Inventory Management and Warehouse Operations.


Conditional Formatting for Process Improvement.

What is it, how it works, and why you should care.

  By Dave Piasecki  

  From the InventoryOps Glossary:  Conditional formatting—formatting of data on reports or computer programs that changes based upon specific criteria. Examples of conditional formatting would include printing and displaying negative quantities in red, only printing the unit of measure if it is not "eaches," or printing an item number in reverse text if there are special handling instructions associated with the item. Conditional formatting is used to help focus attention on data elements when the importance of the data element may be different from one record to the next.

 Conditional formatting involves changing the presentation of data based on specific conditions. While commonly associated with functionality in Microsoft Excel and other spreadsheet programs, conditional formatting is far more than a spreadsheet tool. In fact, as an inventory management and warehouse operations consultant, I regularly provide process-improvement recommendations that include conditional formatting; and rarely does this involve a spreadsheet program (more on this later).

That said, I will start off with some spreadsheet examples just to help demonstrate the basic concept of conditional formatting. And for the first example, I will cover the most common use of conditional formatting. And many of you may be surprised to find out you've been using conditional formatting for years without ever knowing it. That's because this particular application of conditional formatting is part of an automatic Excel format function. Have you figured it out?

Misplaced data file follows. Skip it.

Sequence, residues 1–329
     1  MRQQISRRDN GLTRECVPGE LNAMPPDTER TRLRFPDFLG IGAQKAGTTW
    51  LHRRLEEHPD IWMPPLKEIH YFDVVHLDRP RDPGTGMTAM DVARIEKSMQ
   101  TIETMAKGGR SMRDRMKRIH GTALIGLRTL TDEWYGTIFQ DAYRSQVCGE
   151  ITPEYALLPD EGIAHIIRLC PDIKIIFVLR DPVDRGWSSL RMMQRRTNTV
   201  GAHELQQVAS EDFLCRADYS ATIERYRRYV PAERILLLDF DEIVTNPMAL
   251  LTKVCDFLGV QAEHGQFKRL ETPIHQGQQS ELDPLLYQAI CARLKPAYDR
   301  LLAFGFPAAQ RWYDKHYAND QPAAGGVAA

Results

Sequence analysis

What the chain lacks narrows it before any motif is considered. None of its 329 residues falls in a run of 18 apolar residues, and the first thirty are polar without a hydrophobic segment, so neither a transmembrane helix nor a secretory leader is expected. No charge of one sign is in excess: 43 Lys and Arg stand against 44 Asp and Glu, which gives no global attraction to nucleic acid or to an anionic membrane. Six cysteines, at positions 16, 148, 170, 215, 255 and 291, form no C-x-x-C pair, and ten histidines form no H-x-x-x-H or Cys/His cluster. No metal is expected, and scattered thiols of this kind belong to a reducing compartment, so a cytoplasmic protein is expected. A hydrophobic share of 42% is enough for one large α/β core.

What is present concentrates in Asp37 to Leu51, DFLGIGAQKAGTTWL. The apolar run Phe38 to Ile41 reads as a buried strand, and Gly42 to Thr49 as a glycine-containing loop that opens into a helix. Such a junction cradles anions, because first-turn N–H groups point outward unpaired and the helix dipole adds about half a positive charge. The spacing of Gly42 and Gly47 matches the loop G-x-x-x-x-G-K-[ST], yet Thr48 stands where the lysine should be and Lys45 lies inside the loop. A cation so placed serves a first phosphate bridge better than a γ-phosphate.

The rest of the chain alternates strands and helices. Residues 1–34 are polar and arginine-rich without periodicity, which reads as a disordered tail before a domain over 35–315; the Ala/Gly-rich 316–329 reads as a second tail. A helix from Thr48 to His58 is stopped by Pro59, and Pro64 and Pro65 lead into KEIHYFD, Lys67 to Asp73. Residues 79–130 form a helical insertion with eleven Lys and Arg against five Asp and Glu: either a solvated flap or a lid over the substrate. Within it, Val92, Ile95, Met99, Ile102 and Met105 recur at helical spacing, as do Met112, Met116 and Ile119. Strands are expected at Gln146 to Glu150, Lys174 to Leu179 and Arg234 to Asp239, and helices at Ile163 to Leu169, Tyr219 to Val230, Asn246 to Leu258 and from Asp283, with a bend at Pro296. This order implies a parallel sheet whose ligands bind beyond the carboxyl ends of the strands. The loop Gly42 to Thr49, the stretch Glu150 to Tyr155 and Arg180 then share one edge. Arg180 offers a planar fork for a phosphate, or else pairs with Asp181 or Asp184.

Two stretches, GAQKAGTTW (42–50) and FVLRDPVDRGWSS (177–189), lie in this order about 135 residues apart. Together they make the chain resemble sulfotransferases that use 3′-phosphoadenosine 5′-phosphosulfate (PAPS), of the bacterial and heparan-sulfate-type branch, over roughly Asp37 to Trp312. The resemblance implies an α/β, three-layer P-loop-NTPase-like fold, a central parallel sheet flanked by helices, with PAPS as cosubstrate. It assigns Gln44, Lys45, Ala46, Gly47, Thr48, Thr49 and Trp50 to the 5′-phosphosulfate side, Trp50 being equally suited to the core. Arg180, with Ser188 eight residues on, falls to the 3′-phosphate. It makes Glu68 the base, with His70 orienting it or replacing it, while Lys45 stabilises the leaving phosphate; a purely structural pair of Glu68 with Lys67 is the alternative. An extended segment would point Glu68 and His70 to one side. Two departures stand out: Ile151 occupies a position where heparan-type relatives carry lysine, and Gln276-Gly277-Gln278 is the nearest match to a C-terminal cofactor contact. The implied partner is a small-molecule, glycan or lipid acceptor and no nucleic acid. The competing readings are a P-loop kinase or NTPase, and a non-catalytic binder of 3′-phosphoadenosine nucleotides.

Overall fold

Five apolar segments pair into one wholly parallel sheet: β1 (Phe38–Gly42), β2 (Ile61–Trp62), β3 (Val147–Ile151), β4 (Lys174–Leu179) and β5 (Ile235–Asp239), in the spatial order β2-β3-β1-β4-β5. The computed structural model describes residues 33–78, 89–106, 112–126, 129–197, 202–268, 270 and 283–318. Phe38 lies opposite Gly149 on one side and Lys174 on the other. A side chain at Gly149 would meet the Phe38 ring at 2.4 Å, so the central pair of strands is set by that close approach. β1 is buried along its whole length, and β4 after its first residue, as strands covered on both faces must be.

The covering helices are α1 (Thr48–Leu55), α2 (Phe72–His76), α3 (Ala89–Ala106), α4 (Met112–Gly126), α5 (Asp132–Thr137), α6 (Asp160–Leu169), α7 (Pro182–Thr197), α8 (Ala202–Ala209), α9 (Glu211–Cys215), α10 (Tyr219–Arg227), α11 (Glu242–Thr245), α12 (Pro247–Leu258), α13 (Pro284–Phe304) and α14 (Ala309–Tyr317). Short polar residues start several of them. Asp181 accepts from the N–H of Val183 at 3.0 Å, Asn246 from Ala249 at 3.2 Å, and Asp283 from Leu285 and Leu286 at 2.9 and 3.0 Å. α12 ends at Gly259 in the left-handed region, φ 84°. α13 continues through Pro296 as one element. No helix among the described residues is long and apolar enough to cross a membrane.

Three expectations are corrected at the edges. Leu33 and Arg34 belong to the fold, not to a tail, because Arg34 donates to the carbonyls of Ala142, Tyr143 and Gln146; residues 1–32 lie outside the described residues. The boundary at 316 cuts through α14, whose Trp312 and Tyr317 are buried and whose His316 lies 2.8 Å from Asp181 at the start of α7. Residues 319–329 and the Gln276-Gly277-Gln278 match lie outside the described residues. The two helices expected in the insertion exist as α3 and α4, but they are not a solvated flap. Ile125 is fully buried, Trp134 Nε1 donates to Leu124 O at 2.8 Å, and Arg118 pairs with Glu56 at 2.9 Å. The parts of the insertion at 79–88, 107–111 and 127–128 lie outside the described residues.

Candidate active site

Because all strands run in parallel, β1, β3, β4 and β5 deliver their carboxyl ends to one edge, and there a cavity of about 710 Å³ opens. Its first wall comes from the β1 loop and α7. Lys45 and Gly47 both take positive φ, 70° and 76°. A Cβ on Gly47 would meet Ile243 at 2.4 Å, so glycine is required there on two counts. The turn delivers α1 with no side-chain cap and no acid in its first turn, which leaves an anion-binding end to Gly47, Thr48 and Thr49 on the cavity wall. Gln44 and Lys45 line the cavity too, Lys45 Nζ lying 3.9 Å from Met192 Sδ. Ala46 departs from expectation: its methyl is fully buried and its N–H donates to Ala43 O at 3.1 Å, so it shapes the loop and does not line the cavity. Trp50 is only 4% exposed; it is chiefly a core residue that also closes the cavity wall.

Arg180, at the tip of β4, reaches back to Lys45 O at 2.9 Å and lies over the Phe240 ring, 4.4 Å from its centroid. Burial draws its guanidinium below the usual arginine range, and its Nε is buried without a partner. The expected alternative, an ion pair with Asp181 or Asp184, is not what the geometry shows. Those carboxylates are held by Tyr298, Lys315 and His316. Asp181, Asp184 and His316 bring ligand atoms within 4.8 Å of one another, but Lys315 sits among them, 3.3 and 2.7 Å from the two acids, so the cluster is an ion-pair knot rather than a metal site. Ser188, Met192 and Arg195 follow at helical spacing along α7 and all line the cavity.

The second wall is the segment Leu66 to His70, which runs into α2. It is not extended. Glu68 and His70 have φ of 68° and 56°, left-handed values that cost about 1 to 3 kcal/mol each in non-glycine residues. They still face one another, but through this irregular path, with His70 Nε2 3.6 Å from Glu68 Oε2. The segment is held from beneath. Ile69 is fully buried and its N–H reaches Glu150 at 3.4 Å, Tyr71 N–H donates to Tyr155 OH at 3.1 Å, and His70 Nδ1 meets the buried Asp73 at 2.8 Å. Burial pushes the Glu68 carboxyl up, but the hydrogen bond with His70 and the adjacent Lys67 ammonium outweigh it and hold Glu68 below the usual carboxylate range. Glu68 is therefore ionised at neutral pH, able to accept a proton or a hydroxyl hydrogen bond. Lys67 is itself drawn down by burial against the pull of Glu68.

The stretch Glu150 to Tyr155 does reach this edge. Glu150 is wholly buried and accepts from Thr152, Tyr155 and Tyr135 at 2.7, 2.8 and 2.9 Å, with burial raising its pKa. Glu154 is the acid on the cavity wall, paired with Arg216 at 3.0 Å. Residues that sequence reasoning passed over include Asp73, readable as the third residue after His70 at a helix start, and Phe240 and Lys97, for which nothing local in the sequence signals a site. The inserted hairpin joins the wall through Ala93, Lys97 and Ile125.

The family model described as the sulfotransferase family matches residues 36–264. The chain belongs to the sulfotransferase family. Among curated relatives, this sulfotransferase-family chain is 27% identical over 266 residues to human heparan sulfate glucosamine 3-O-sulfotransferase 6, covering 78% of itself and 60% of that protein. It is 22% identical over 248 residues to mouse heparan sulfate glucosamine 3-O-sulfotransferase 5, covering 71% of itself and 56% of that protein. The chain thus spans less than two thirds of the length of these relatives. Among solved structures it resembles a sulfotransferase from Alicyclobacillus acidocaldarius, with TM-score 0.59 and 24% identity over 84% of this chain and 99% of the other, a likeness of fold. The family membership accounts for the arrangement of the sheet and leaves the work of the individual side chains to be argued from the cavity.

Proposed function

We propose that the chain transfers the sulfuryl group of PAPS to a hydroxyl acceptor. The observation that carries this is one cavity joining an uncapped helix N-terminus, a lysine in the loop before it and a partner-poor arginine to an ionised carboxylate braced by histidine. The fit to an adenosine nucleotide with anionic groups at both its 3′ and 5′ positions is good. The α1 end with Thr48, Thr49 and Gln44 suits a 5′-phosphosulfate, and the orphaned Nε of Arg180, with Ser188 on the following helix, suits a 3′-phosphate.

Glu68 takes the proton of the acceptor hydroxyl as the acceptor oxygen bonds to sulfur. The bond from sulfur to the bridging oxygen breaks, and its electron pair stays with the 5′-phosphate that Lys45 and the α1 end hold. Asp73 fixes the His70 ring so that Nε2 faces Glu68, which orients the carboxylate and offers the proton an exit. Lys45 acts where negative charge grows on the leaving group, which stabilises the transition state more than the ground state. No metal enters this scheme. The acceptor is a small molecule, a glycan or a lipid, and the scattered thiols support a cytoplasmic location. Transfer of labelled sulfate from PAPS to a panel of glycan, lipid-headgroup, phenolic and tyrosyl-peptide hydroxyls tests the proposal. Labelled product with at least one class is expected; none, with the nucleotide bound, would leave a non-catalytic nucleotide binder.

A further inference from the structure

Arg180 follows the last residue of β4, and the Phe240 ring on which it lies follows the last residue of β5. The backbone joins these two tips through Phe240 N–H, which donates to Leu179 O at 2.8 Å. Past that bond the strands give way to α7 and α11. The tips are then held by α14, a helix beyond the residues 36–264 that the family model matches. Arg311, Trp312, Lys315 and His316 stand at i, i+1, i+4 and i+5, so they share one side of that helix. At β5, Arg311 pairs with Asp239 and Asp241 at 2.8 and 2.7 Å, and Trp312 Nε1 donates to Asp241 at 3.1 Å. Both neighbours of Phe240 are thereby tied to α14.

Yes, I'm talking about the formatting of negative numbers or negative currency values. Whenever you bring up the formatting options for numbers or currency in Excel, you are presented with several built-in formats for negative values. You can automatically display negative values with a minus sign, within parentheses, in the color RED, or a combination of these. This is all conditional formatting because you are changing the presentation of the data based on a condition. In this case, the "condition" is a value that is less than zero. 

Note: this is not Excel's Conditional Formatting functionality, but rather it is a built-in Formatting Element that demonstrates the concept.


These negative-value preset formats in Excel actually tell us a lot about conditional formatting. First, the fact that there are several preset formats for negative values tells us something. The minus sign is most easily understood, but may not exactly jump out at you on the page. Using parentheses makes the negative values stand out more, and using the color RED makes the negative values stand out even more. RED has become the standard for on-screen displays or reports printed on color printers, but parentheses are still the most versatile since they do not require color displays or color printing to be effective. So you can see how the method of displaying the information will affect formatting choices.